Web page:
Justice Is On Its Way
Have you ever unintentionally sent money to someone else’s account? You might be a victim of an authorised push payment scam if this is the case. Unfortunately, push payment fraud is all too frequent, and people become a victim of that every now and then. Continue reading to find out how this kind of fraud operates and what precautions you can take to stay safe.
Authorized push payment fraud, also known as bank transfer fraud, happens when victims transfer money from their bank accounts to a scammer’s account. For instance, a scammer might pretend himself as a member of your mobile phone provider’s security staff. They’ll advise you to deposit money into a safe account in order to pay your payment on time and prevent late fines. Since the scam victim technically approved these real-time transfers, it could be challenging to get your money back.
Why would you send money to a bank account belonging to a stranger? Push payment fraud uses just enough individualised information to make you believe the scammer is genuine. In order to appear credible, fraudsters arm themselves with personal information. They might gain access to their target’s bank or email account information and note the kinds and timings of payments the person typically makes.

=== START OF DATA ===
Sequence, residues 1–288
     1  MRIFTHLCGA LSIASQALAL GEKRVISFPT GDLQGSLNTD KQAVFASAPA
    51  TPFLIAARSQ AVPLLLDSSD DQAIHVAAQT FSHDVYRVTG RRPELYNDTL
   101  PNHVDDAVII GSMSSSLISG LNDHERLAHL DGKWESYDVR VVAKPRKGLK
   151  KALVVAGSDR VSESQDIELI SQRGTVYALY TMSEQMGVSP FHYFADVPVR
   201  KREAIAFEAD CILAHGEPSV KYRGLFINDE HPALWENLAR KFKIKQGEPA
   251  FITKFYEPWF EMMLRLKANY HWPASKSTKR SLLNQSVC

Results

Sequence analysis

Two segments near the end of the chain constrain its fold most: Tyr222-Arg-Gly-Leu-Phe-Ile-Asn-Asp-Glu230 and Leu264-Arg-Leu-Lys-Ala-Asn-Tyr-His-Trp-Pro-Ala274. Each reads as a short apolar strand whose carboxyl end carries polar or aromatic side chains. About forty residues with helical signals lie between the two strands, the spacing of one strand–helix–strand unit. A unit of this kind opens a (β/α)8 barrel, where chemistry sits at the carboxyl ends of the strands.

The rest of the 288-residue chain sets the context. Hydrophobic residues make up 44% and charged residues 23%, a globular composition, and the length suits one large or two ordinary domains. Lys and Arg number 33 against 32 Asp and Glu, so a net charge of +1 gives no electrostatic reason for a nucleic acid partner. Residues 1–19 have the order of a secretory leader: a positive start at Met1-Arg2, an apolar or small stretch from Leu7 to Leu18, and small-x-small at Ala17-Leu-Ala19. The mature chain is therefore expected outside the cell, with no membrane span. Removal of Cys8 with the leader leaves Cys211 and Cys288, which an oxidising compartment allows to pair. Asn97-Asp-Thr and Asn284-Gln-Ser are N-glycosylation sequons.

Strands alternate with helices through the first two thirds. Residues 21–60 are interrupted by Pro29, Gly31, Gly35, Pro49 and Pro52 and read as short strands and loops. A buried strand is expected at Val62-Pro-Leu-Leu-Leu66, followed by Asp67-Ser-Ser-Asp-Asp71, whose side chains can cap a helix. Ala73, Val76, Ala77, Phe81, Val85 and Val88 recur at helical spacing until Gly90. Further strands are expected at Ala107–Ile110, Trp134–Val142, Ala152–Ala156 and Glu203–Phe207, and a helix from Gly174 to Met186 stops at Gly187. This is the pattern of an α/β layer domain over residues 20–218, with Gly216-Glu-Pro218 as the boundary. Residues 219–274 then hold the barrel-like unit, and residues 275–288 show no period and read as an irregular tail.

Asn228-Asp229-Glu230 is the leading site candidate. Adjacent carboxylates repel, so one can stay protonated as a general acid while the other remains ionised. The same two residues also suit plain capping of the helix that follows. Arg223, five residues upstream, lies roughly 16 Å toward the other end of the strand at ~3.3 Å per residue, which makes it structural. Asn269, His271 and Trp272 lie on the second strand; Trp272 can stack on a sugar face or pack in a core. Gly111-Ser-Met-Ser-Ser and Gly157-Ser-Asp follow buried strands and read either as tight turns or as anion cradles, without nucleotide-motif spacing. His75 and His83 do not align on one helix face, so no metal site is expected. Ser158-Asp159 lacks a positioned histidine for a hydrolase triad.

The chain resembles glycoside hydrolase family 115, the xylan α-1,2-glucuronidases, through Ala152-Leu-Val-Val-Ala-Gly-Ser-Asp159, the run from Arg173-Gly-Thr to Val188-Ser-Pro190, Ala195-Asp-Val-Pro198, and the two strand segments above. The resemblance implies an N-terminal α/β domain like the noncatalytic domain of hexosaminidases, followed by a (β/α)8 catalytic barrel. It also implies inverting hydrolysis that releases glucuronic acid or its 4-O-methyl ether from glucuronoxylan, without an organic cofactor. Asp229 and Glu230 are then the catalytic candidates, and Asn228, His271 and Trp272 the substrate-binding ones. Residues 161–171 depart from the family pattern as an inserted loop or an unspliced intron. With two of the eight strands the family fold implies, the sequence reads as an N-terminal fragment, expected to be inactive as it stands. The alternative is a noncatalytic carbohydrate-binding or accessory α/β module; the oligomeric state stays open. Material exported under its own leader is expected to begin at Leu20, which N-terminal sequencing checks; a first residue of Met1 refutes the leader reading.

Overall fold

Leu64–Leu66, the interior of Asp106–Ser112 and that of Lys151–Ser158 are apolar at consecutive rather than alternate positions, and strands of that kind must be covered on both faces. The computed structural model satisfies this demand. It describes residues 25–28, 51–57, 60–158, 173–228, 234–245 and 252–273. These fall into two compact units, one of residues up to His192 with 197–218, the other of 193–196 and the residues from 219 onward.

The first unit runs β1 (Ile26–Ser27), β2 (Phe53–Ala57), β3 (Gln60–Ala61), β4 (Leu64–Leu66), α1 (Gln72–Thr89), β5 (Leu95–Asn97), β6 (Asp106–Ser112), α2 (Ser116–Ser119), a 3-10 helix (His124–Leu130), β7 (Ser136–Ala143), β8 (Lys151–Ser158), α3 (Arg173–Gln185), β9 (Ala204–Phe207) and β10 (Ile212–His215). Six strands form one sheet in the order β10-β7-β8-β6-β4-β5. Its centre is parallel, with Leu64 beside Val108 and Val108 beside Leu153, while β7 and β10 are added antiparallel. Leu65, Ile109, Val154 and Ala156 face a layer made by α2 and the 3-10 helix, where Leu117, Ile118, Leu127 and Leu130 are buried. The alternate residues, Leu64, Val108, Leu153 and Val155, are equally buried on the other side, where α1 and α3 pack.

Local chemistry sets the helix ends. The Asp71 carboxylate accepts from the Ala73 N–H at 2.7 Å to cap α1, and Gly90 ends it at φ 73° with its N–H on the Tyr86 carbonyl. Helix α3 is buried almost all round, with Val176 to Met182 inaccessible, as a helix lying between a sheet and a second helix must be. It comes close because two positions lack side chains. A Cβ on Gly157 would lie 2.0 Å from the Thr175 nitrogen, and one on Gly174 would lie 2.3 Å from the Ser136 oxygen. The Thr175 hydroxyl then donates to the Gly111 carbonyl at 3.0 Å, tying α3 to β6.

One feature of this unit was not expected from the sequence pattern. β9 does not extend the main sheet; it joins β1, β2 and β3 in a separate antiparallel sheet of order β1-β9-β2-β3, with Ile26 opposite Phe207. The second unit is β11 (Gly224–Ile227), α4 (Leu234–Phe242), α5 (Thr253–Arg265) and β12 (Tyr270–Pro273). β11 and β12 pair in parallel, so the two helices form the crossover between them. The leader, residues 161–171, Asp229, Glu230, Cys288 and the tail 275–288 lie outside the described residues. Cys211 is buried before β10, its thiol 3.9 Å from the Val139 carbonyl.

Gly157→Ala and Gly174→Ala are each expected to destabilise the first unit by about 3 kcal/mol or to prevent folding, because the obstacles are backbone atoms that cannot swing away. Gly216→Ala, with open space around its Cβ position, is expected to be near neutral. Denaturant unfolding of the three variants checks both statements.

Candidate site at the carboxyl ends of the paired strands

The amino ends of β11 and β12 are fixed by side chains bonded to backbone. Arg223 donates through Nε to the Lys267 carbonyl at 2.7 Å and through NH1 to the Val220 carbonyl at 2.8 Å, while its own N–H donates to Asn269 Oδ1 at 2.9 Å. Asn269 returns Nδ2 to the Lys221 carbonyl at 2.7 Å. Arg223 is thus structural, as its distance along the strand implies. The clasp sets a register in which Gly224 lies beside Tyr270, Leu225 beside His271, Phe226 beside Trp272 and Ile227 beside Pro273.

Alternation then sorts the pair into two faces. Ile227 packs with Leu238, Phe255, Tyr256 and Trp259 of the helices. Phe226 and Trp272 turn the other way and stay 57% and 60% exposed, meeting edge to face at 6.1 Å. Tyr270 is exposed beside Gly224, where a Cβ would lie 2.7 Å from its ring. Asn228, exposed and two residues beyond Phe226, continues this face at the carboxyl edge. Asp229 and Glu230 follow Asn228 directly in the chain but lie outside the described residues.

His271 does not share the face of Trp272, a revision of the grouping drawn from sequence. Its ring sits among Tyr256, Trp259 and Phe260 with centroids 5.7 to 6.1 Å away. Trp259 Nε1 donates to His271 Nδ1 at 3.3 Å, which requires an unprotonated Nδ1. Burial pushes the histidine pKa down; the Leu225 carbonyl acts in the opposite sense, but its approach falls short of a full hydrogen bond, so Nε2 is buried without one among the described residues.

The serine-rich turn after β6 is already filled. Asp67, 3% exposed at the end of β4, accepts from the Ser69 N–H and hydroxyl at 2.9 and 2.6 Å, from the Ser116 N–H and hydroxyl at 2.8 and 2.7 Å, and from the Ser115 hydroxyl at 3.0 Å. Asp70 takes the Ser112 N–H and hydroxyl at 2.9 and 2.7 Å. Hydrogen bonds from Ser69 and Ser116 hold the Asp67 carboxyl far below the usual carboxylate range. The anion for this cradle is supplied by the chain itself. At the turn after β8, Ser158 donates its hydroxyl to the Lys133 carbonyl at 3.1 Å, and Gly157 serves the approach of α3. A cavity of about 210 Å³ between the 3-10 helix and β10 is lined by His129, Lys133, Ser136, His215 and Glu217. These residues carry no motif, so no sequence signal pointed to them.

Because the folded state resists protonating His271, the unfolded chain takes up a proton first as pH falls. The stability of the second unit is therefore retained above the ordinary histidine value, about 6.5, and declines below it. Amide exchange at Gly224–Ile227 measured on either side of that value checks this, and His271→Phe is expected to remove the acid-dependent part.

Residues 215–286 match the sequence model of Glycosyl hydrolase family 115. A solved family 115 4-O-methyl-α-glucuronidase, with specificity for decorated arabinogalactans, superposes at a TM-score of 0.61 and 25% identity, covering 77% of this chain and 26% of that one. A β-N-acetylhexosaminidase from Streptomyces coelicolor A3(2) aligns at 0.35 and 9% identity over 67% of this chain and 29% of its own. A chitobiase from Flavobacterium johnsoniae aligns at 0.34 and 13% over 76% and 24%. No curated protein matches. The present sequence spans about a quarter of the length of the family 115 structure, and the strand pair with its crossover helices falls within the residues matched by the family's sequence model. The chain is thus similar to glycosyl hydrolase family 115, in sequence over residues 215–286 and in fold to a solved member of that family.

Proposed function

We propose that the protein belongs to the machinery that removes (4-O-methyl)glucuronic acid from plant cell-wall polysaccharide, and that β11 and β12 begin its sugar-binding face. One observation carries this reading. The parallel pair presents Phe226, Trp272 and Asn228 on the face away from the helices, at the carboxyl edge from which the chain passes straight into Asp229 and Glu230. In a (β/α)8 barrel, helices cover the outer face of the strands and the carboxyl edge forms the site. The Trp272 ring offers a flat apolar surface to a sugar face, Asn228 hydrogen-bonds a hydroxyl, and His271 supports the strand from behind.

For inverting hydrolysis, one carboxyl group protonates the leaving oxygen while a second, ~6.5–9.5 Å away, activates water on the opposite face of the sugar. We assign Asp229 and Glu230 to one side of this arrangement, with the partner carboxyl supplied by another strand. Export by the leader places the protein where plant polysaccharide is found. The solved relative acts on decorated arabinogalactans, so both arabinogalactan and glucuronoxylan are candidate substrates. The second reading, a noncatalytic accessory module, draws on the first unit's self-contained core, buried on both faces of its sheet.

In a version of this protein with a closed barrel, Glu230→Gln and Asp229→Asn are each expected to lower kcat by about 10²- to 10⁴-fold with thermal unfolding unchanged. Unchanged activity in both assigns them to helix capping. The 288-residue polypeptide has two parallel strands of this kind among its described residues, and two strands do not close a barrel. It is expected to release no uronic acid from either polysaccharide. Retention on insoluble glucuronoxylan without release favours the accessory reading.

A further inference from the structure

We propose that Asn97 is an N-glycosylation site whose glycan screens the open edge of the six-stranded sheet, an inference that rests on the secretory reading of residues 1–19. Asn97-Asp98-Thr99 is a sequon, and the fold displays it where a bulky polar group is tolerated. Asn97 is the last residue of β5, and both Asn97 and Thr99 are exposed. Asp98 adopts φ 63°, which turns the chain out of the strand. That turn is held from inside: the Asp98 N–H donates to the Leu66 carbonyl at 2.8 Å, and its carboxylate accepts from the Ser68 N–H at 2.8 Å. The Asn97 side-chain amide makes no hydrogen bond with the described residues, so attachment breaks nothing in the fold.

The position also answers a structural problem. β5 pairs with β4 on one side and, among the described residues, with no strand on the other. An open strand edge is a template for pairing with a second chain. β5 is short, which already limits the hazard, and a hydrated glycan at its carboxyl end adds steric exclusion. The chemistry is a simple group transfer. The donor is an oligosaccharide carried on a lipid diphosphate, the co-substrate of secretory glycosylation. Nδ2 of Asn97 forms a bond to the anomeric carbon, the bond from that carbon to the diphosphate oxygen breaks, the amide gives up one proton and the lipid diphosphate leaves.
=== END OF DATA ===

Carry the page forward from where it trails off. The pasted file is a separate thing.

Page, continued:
Here are a few more examples of authorised push payment fraud, in addition to the property scheme previously mentioned:
The fraudster provides just enough information through hacked emails to make their requests for money look authentic. When you make a payment, it automatically and instantly transfers to your bank account.
Push payment scams were prevalent in the past since victims had few options for getting their money back. Fortunately, the voluntary authorized push payment scam code has made it simpler to obtain a refund for an authorised push payment.
Call your card company or bank as soon as you suspect fraud, just like you would with any scam. The bank might be able to halt the transfer or recover the funds if you act quickly enough.
You should call the recipient’s bank after you’ve spoken to your own bank. The bank account number and any additional identifying information you can obtain will be required.
Escalate the problem You can file a formal complaint with your bank if you feel you followed all the necessary processes but have still had no luck securing a refund from your bank.